Emperor of Sand


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Adam R. Holz

Album Review

A condemned man wanders through the desert. He knows death is near. And in that parched, barren place, he ponders it all: life, death, loss, eternity.

Such is the stuff of the Atlanta-based prog-metal act Mastodon. The group’s seventh studio effort, Emperor of Sand, is an 11-song concept album about a man who’s been sentenced to execution, but who escapes—for a time—into the wilderness in a vain attempt to outrun his fate.

Despite the album’s mystical, dystopian and apocalyptic lyrical trappings, however, there’s another layer of meaning that’s much more personal. The subtext of the album is the death of guitarist Bill Kelliher’s mother after losing her bout with cancer.

In an interview with Rolling Stone, drummer/singer/lyricist Brann Dailor said of the album’s focus, “Time is a very big theme of the album. How much time do we have left? What are we doing with our time?” He also added, “It’s about going through cancer, going through chemotherapy and all the things associated with that. I didn’t want to be literal about it. But it’s all in there. You can read between the lines.”

Pro-Social Content

Album opener “Sultan’s Curse” alludes to the protagonist’s grim, as-yet-unfinished death sentence. But despite his sadness (“Tears are as strong as 10,000 tongues”), there’s also a vaguely spiritual, confident resolve (“Faith is in me/End I can see”), as well as happy recollections of his life (“Memories of loved ones are passing me by”).

“Show Yourself” talks of finding meaning in the isolation and silence of the desert (“Speak the ancient wisdom of the desert/ … The truth will send a ripple through your body”). Though the end is inescapable, this is one of several songs that talks confidently of an afterlife (though how one ends up in that seemingly heaven-like place is never addressed): “Sail into the void without your worries/ … I’ll see you on the other side of the fire.” “Roots Remain” rightly recognizes, “Beauty fades/Death decays,” but also insists that our relational connections with others represent a legacy that transcends death: “Branches break/Roots remain/Strong in mind.” The band also recognizes that many temporal losses ultimately don’t matter (“And all that I have come to lose/Gone so long it doesn’t matter anyway”), while the things that matter most “remain with me until the bitter end.” The protagonist instructs someone, “And when you sit and picture me/Remember sitting in the sun and dancing in the rain.” Then he adds, “The end is not the end, you see” before again talking about the importance of cherishing our memories.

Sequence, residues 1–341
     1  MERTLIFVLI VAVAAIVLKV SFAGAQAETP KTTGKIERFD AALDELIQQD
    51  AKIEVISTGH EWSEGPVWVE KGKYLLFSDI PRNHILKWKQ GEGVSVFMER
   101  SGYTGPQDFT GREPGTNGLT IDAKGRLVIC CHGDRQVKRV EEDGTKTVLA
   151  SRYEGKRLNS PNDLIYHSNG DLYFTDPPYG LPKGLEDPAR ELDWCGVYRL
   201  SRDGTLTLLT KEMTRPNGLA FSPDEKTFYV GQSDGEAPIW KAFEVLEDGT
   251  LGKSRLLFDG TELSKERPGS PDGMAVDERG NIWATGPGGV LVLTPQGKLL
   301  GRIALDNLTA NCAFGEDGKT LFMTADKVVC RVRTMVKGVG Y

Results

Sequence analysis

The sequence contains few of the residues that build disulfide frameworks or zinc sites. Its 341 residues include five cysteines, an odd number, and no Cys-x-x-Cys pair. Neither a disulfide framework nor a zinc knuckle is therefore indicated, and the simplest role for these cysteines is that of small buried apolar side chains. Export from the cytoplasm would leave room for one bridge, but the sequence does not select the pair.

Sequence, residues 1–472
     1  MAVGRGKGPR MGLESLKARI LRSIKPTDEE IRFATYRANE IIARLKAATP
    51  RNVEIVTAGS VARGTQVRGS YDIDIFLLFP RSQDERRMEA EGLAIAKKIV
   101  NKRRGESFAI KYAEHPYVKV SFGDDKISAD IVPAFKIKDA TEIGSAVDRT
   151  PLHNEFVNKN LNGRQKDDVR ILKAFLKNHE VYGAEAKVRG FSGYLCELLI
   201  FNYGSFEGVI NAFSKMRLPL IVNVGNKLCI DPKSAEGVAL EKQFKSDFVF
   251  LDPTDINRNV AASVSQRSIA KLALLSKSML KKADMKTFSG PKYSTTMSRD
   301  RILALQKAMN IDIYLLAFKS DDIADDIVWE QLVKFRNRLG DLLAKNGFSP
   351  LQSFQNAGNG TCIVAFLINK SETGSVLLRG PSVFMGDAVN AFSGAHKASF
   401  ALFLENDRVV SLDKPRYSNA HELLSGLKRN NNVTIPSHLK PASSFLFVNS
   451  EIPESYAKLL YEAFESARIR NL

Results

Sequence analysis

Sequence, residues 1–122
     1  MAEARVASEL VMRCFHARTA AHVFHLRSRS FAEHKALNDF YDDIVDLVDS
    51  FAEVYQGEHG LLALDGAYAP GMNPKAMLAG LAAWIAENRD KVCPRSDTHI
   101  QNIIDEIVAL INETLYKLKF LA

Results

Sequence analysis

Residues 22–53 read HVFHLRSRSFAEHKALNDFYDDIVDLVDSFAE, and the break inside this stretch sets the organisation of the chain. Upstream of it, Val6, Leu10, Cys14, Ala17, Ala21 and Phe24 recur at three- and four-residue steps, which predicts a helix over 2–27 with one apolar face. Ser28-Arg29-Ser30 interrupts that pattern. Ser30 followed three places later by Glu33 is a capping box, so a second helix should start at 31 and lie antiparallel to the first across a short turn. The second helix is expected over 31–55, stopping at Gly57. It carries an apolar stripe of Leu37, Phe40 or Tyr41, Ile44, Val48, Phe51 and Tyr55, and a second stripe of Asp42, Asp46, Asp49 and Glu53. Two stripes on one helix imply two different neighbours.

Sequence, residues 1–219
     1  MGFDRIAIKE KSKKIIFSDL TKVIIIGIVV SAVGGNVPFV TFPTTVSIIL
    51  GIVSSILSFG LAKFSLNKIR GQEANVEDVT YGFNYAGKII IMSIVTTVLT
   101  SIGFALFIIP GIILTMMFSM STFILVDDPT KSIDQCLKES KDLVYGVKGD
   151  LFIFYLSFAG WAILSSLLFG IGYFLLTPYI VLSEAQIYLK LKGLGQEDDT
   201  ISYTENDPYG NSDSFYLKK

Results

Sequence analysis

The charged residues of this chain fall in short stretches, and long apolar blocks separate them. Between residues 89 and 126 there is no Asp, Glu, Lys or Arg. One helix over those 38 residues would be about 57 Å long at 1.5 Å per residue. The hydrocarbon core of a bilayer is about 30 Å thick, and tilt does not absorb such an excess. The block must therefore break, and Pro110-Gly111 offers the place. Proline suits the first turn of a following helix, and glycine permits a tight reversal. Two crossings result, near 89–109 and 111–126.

“Precious Stones” talks of finding “diamonds in the rough” in hard places and exhorts repeatedly, “Don’t waste your time/Don’t let it slip away from you/Don’t waste your time/If it’s the last thing you do.” Similarly, “Steambreather” finds the album’s main character reflecting on his identity in the wilderness: “I wonder who I am/Reflections offer nothing/I wonder where I stand.” Interestingly, despite confidence elsewhere, he’s not sure he trusts himself: “I’m afraid of myself.”

“Word to the Wise” expresses a desperate, prayer-like request (“Save me from the wicked ways/Pulling me with all its weight”). There’s also, it would seem, a metaphorical recognition of personal responsibility in the midst of self-deception: “I fell into a pit of lies/I tried to dig around the other side/And much to my surprise/I was to blame for all the rain.”

“Ancient Kingdom” includes multiple references to an afterlife following death, including this one: “Ride beyond mortality/Leaving beauty now/Sparks explode into the air/Live forever/Ageless sounds, they never die/And I will remain.” “Andromeda” mentions being granted “a second lease on your life,” and talks about the brevity of this finite time flowing into a timeless infinity.